Former Obama aide defies Democrats to challenge Rep. Honda in Calif

A former Obama administration official is launching a primary bid against Rep. Mike Honda (D-Calif.), defying party leaders from House Minority Leader Nancy Pelosi (D-Calif.) to the president himself.

Ro Khanna, a former Commerce Department appointee, announced Tuesday morning that he’d challenge Honda. 

Honda has already been endorsed by President Obama, Pelosi, Democratic National Committee Chairwoman Debbie Wasserman Schultz (Fla.), Democratic Congressional Campaign Committee Chairman Steve Israel (N.Y.), and California Sens. Dianne FeinsteinDianne Emiel FeinsteinCongress — when considering women’s health, don’t forget about lung cancer Overnight Energy: Pruitt taps man behind 'lock her up' chant for EPA office | Watchdog to review EPA email policies | Three Republicans join climate caucus Man who coined 'lock her up' chant to lead EPA's Pacific Southwest office MORE and Barbara BoxerBarbara Levy BoxerThe ‘bang for the buck’ theory fueling Trump’s infrastructure plan Kamala Harris endorses Gavin Newsom for California governor Dems face hard choice for State of the Union response MORE. Those endorsements were meant to scare off Khanna. 

The 36-year-old challenger faces a tough battle in the Silicon Valley district. Honda, 71, has been in Congress for more than a dozen years, has close ties with the Asian-American and tech communities and with Democratic leaders, and was a longtime vice chairman of the powerful Democratic National Committee. Honda’s campaign recently released a poll showing him leading Khanna 57 percent to 5 percent.

One thing going for the underdog: While Obama has endorsed Honda, many top Obama campaign staffers are working for Khanna. They include Jeremy Bird, Obama’s 2012 national field director; Steve Spinner, a top Obama campaign fundraiser who is chairing Khanna’s campaign; and Larry Grisolano, who ran Obama’s paid media efforts in both 2008 and 2012.

Khanna also has more than $1 million in the bank already, after deciding not to run for Congress in 2012, much of it from the Indian-American community. Honda has $80,000 cash on hand, giving the challenger an unusual financial edge.

While Khanna never said what race he was looking at in 2012, most believe he was looking at challenging former Rep. Pete Stark (D-Calif.), who had a testy relationship with many other Democrats. Pelosi even attended a Khanna fundraiser before he decided not to run. 

Stark was defeated by another young Democrat last election, leaving no obvious seats for Khanna to run for this election. This is likely why he’s taking on Honda.

In an interview with The Hill, Khanna downplayed any tension with party leaders and said the race was about his ideas rather than trying to defeat Honda.

“I have respect for Mike Honda’s many years of service. The race is not against a particular person — that’s the old way of looking for things in Washington. I’m running because I believe I have ideas and solutions that will help the country and help Silicon Valley and help job growth,” he said Tuesday afternoon. “Political endorsements aren’t going to determine the outcome of this race. What’s going to matter is whose ideas are better suited to match the needs of people in the district.”

Khanna said he wanted to push for more technological innovation in government and a focus on 21st century education, and promised a grassroots campaign focused on new ways of communicating, drawing a parallel to the president.

“Ultimately my belief is in grassroots campaigning and community organizing,” he said. “The folks from the Obama campaign world share that fundamental commitment to community organizing and grassroots politics.”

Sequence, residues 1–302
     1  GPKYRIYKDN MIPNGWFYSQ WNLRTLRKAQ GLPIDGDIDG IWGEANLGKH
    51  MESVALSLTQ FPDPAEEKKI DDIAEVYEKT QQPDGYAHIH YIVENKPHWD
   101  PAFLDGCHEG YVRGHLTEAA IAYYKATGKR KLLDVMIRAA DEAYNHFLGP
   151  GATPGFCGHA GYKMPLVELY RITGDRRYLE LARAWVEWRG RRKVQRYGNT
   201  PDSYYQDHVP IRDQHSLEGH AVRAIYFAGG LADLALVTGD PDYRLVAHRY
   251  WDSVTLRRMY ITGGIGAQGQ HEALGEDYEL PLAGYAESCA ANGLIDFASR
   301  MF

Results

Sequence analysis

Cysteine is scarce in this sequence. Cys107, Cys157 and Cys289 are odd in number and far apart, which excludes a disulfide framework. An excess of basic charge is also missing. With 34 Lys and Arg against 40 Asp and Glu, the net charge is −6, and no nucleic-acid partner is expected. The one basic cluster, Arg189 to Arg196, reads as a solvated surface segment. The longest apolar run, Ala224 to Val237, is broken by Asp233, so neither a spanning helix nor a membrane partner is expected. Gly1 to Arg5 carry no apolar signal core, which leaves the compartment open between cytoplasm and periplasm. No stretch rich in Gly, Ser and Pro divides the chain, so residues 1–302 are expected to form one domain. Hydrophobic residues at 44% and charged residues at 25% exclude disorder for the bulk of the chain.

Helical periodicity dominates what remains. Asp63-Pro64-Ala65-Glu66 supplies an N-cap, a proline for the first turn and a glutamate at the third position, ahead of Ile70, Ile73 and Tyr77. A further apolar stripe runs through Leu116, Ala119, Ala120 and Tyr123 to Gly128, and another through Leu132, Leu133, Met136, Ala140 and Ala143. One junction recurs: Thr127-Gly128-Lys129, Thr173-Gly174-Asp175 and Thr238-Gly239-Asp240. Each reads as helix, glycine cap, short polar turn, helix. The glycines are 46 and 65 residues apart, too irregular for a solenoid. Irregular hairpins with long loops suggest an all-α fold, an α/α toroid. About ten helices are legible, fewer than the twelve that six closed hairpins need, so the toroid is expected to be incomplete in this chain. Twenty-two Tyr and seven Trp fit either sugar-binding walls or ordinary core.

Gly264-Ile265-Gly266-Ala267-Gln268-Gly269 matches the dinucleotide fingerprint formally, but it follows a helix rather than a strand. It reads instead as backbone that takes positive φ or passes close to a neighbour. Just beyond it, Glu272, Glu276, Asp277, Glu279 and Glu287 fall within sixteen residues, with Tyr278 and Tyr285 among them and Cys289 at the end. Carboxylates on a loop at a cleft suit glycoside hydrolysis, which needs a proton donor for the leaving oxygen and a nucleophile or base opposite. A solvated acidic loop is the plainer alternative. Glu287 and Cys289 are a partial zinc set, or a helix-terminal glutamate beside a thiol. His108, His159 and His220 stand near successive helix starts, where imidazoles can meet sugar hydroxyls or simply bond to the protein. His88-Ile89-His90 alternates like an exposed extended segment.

Honda’s campaign emphasizes the congressman’s work on education and technology issues. In a statement, he highlighted Obama’s support.

“The beauty of a free country is that anyone has the right to run,” Honda said. “I’ve taken every one of my campaigns seriously and this will be no different. I’m grateful for the early support I’ve received, from President Obama to local leaders across the district, and I’m looking forward to our strongest campaign yet in 2014.”

Bird, who ran Obama’s cutting-edge get-out-the-vote operation, said he was drawn to Khanna’s campaign because of his focus on new ideas and technologies, and said Obama’s endorsement of Honda didn’t affect how he felt about the race.

“I worked for the president for six years. I have the utmost respect for him — we learned so much over the last six years. But in this one, though, this is going to be a very competitive, well-run race, and I don’t see any problem working for someone who shares all my values,” he said. “For me it’s about Ro … he’s young, energetic and understands the tech industry.”

Outside endorsements haven’t had a big impact on other California races, however: Rep. Brad Sherman (D-Calif.) defeated fellow Rep. Howard Berman (D-Calif.) in a combined district last year despite support for Berman from nearly every member of the Democratic establishment. But Sherman represented much more of the district, giving him an advantage Khanna won’t have.

Khanna could also be buoyed by California’s relatively new “jungle primary” system, in which the top two vote-getters make it to the general election no matter what party they belong to. He made a point to emphasize his bipartisan appeal in his campaign’s introductory video, criticizing “politicians who march with their party rather than think for themselves.”

The race could also be a test of the influence of outside groups and of the power of different Asian-American communities. The district is heavily Asian-American, with large populations of both East Asian and Indian-American voters.

This isn’t the first time Khanna has taken on an entrenched congressman. In 2004, he ran against the late Tom Lantos (D-Calif.), attacking him for his support for the Iraq war. Lantos won in a landslide.